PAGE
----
Across the U.S., we continue to see a growth in the availability of composting infrastructure, as well as a growing interest in compostable products and packaging. A July 2014 Biocycle article highlights this trend, and makes a clear connection to the larger benefits: “The beauty of composting is that it can be small-scale, large-scale and everything in between,” says Brenda Platt. “Why send resources out of the community when our neighborhoods need food and our soils are starved for organic matter?”
Packaging has a prominent yet precarious place in the world of composting. On one hand, it makes sense to send food-soiled material to the composter along with the desired food nutrients. And in self-contained locations such as cafeterias and events, an “all-or-nothing” approach to procuring packaging for the venue minimizes confusion and sends the signal that diversion isn’t complicated.
On the other hand, both the public as well as composters often have difficulty discerning just exactly which packages are certified compostable, and the variations in types of processing creates a challenge for designers and planners. If it doesn’t bring food scraps with it or otherwise causes problems, the value of processing packaging material is quite limited. For example, Portland’s recent changes mean that businesses can no longer compost most packaging (with the exception of BPI-certified bags, coffee filters and tea bags), but residential composting remains the same, accepting all types of certified packaging.
GreenBlue’s Sustainable Packaging Coalition is currently working with a number of stakeholders on initiatives designed to help alleviate some of this confusion that results in contamination, as well as expand the awareness and availability of composting as a viable waste solution.
In collaboration with interested SPC members and the BPI, the entity that certifies packaging as compostable, the SPC is currently consumer-testing a new version of the How2Recycle Label that incorporates the BPI logo and qualifying language. This expanded application of How2Recycle is designed to elevate awareness of packaging that has multiple end-of-use components and/or options, as well as assist the composting community by reducing the confusion regarding what is compostable.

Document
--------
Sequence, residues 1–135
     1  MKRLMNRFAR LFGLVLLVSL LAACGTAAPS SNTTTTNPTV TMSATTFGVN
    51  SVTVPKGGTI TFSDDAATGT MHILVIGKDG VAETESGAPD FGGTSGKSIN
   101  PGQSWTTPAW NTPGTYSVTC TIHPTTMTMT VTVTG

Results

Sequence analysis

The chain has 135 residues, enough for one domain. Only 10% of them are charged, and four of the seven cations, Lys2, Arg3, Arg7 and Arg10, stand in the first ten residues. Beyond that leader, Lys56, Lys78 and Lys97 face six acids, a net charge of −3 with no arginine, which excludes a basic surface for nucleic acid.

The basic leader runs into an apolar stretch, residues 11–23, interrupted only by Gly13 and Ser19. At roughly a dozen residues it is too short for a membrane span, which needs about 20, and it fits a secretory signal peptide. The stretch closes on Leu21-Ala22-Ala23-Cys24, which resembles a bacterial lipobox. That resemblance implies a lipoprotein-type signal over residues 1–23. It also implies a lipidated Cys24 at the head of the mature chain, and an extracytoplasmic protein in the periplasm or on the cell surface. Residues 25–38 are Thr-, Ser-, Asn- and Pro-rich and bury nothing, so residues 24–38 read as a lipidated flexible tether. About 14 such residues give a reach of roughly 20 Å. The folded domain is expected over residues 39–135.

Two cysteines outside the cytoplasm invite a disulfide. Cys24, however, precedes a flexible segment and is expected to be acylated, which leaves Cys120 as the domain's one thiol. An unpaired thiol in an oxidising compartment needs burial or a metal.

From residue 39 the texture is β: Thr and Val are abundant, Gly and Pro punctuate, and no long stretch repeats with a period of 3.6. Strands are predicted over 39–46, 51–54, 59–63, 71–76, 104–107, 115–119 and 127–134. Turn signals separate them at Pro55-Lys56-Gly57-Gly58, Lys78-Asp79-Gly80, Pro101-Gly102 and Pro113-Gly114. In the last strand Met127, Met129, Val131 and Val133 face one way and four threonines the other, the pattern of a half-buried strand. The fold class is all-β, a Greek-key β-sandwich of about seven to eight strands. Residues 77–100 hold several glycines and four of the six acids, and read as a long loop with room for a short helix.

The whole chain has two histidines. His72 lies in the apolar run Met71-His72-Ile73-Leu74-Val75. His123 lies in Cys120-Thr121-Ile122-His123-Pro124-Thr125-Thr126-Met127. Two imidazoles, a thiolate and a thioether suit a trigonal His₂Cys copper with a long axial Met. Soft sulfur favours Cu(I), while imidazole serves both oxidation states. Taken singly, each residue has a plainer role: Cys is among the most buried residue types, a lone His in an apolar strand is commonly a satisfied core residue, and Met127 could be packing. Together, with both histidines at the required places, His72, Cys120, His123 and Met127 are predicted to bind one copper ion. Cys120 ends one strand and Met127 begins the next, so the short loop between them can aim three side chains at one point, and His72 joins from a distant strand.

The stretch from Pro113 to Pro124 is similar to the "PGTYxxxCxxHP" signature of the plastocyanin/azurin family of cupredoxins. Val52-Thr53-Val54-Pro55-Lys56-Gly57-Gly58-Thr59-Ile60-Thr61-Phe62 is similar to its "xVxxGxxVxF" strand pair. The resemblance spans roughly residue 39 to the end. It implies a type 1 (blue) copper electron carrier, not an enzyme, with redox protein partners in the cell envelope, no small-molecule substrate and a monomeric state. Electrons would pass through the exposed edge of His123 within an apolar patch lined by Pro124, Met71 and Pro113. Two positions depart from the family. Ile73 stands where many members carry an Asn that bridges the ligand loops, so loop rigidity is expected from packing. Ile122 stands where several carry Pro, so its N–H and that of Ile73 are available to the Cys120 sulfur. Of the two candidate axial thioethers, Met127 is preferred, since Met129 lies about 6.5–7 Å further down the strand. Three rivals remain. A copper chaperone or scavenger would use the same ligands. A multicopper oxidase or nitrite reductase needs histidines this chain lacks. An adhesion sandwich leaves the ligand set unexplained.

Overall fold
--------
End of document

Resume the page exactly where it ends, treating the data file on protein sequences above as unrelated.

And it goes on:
A label can’t solve all of the communication and contamination issues; overall package markings and identification remain an issue as well. The U.S. Composting Council, one of GreenBlue’s strategic allies, has important labeling guidelines that municipalities are beginning to implement. For example, a plastic bag should not be tinted green unless it is compostable. In addition, designers should avoid “copy-cat” packaging that looks like a compostable counterpart, as we’ve seen first-hand evidence of the confusion and contamination this creates.
For example, I’ve seen compost collection bins contaminated with an off-white plastic clamshell that looks like fiber-based bagasse; a poly-lined fiber cup that has a green stripe; and a brown take-out box labeled with loads of eco-friendly sounding language, including the discouraged term “green,” none of which are actually compostable.
Foodservice packaging is a great place to work on strengthening connections between the packaging industry and the composting community. The SPC is taking its packaging design expertise to the foodservice package level by creating a guide specifically related to this type of packaging. With input from the SPC members in the Foodservice Packaging Industry Leadership Committee, this Guide will include all aspects of the recovery supply chain, including composting. It will also include “state of the industry” information on current initiatives underway, such as work of the Foodservice Packaging Institute.
Ultimately, composting is a “place-based” solution that requires regional focus and cooperation. The SPC’s action-based composting project in the Charlotte, NC, area—made possible by a U.S. EPA Region IV grant and the support of Mecklenburg County and other partners—aims to demonstrate the functional feasibility and community benefits of composting food and packaging waste, benchmark typical waste feedstock characteristics, collect economic and environmental data about food and packaging waste composting, and disseminate findings to stimulate new programs nationwide.
As with all recovery options, a diverse array of solutions with a collaborative approach—from the packaging design phase to the “on-the-ground” level—are needed for packaging to fully realize its potential in the world of composting.
Anne Bedarf is a senior manager with GreenBlue’s Sustainable Packaging Coalition. For additional information about the Coalition and the How2Recycle Label, please visit www.sustainablepackaging.org and www.how2recycle.info.